Early Poetry

But Keats' career in medicine never truly took off. Even as he studied medicine, Keats’ devotion to literature and the arts never ceased. Through his friend, Cowden Clarke, whose father was the headmaster at Enfield, Keats met publisher, Leigh Hunt of The Examiner.

Hunt's radicalism and biting pen had landed him in prison in 1813 for libeling Prince Regent.

Quick: picture a poet. Who do you see? Is it a moody, sensitive guy, wandering around a moor or a field or a forest? Congratulations! You have just conjured to mind a Romantic poet. Many of the stereotypes that we have about poets and poetry originated in this period in the late 18th and early 19th centuries. Artists disillusioned with industrialization and urbanization turned to nature for inspiration, valuing emotion over reason and feeling over rationality. They sought the awesome, divine beauty that could only be experienced in the tranquility of nature and only by one willing to be quiet long enough to feel it.

No one can say precisely what started the Romantic era, but its breakthrough in English literature was a 1798 volume of poetry entitled Lyrical Ballads, by William Wordsworth. (Poet Samuel Taylor Coleridge actually wrote some of the poetry as well, but more on that later.) Wordsworth's preface to a later edition of Lyrical Ballads essentially became the manifesto of literary English Romanticism. The poems, he promised the reader, were free of "gaudiness and inane phraseology of many modern writers." Their goal, instead, "was to choose incidents and situations from common life, and to relate or describe them …in a selection of language really used by men, and, at the same time, to throw over them a certain colouring of imagination, … and, further, and above all, to make these incidents and situations interesting by tracing in them, truly though not ostentatiously, the primary laws of our nature."2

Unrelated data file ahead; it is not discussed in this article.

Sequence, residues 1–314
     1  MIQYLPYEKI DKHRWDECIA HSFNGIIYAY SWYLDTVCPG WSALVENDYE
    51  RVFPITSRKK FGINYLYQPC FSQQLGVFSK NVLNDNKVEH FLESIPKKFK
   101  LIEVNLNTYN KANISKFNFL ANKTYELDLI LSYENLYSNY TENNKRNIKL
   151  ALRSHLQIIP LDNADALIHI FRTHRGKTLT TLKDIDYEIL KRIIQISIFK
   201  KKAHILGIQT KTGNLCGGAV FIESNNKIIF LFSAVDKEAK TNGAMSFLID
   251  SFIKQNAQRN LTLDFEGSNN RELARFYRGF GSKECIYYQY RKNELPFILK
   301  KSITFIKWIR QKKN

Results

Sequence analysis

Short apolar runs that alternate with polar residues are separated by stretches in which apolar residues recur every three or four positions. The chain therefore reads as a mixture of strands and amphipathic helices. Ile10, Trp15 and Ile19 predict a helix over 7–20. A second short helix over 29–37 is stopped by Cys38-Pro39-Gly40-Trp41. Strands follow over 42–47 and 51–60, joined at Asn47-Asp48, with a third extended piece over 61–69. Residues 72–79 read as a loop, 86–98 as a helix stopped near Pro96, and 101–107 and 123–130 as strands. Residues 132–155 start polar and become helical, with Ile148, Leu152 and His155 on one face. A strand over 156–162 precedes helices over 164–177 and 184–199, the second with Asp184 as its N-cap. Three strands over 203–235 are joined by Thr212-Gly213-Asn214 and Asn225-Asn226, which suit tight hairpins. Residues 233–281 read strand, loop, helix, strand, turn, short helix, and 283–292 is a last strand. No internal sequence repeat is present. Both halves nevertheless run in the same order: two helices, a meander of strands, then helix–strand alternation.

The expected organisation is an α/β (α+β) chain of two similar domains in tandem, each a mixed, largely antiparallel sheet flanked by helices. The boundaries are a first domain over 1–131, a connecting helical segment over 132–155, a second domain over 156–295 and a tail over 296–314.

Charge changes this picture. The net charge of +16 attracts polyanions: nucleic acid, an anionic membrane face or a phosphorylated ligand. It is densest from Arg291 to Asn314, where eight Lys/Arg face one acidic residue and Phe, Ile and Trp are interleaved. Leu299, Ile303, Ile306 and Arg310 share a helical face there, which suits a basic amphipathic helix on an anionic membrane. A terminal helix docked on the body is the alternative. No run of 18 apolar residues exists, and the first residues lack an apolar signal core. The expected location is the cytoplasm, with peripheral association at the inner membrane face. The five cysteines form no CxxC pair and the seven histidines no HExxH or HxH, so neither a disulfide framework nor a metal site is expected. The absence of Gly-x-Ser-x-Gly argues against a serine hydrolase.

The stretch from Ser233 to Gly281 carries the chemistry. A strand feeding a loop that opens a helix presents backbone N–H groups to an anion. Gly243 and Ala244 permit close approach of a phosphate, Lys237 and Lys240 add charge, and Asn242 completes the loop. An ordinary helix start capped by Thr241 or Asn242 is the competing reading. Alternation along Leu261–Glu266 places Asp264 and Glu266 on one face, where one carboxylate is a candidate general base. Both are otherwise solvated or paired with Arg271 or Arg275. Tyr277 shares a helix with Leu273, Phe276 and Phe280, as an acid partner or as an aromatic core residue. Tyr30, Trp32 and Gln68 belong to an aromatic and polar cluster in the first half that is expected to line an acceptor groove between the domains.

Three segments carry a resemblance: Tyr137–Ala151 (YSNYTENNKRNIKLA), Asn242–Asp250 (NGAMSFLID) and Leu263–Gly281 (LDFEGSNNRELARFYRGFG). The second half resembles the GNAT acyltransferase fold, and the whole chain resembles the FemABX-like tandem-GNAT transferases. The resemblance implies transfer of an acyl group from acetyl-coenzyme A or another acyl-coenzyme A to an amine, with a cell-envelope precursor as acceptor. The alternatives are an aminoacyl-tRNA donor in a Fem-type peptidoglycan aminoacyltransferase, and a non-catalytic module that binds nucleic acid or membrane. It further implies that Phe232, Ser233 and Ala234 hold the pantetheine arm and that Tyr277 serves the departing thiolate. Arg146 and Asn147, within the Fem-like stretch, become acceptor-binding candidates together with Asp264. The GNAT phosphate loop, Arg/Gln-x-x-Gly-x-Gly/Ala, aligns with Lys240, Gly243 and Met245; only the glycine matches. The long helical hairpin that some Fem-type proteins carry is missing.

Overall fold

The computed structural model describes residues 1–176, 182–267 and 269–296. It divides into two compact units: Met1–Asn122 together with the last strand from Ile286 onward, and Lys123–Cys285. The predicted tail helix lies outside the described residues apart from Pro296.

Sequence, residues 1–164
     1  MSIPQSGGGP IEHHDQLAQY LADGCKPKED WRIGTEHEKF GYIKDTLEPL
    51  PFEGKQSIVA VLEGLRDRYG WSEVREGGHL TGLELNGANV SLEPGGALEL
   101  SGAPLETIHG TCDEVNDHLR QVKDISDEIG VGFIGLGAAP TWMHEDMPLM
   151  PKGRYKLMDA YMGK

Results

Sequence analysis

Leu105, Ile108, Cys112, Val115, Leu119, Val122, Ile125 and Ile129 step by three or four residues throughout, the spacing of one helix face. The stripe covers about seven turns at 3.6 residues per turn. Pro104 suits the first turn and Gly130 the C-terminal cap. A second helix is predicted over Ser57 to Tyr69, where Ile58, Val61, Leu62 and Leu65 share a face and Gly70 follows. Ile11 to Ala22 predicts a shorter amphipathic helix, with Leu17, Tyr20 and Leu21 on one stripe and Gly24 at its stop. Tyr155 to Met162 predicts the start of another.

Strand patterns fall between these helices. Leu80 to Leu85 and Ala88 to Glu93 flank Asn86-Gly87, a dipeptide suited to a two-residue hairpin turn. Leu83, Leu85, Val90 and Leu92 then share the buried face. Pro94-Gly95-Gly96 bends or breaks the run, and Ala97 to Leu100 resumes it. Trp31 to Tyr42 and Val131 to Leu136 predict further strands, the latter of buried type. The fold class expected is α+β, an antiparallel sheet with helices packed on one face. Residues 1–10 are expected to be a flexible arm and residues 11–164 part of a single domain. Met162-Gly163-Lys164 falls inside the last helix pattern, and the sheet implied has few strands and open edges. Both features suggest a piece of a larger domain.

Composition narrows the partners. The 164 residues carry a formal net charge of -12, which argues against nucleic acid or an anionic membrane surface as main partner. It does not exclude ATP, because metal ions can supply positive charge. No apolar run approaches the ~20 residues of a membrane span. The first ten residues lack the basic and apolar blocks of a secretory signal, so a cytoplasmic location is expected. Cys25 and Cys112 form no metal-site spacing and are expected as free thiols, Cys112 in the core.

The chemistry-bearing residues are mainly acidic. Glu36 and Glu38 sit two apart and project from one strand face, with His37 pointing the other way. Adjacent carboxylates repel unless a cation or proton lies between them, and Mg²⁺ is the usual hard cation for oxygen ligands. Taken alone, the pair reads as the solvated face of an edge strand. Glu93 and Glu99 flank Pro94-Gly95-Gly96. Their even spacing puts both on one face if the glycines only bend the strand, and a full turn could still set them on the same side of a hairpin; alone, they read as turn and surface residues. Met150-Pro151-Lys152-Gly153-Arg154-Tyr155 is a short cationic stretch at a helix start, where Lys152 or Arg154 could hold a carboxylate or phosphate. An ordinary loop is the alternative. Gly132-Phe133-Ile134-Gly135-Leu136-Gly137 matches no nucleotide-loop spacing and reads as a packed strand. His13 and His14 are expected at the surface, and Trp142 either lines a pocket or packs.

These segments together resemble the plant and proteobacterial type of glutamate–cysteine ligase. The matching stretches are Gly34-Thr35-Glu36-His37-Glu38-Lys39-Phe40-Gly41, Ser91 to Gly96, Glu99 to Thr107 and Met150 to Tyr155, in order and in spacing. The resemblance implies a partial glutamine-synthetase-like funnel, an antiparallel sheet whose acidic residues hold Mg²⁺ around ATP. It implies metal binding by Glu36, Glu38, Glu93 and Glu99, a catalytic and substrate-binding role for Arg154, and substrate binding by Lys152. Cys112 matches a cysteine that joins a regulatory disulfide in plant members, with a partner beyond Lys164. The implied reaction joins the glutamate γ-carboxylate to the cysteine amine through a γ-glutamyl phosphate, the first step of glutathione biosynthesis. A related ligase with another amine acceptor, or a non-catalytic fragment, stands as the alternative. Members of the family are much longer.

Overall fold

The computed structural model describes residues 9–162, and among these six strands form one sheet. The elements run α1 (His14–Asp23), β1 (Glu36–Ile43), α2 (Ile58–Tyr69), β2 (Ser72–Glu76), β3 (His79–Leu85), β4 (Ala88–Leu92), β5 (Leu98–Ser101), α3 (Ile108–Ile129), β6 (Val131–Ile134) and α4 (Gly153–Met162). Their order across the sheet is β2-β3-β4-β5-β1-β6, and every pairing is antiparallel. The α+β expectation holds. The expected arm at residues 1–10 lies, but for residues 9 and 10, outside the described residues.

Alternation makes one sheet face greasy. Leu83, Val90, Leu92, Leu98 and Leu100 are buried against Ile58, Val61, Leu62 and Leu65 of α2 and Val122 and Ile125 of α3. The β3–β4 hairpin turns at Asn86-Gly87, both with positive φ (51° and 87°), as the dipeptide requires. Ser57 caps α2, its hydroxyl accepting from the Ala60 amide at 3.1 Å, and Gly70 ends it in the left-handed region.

William Wordsworth is a quintessential Romantic poet. He lived not in smoky, crowded London but in the rugged beauty of England's Lake District. His poems were mentally composed during long walks outdoors. He sympathized with the poor and oppressed. He romanticized peasants and children, whom he believed capable of perceiving the divine more purely than those corrupted by city living. From his childhood, he was a remarkably intense figure. And as an adult, he believed above all else that "all good poetry is the spontaneous overflow of powerful feelings."3 Put passion together with plain language and meter, Wordsworth decreed, and you've got quality poetry.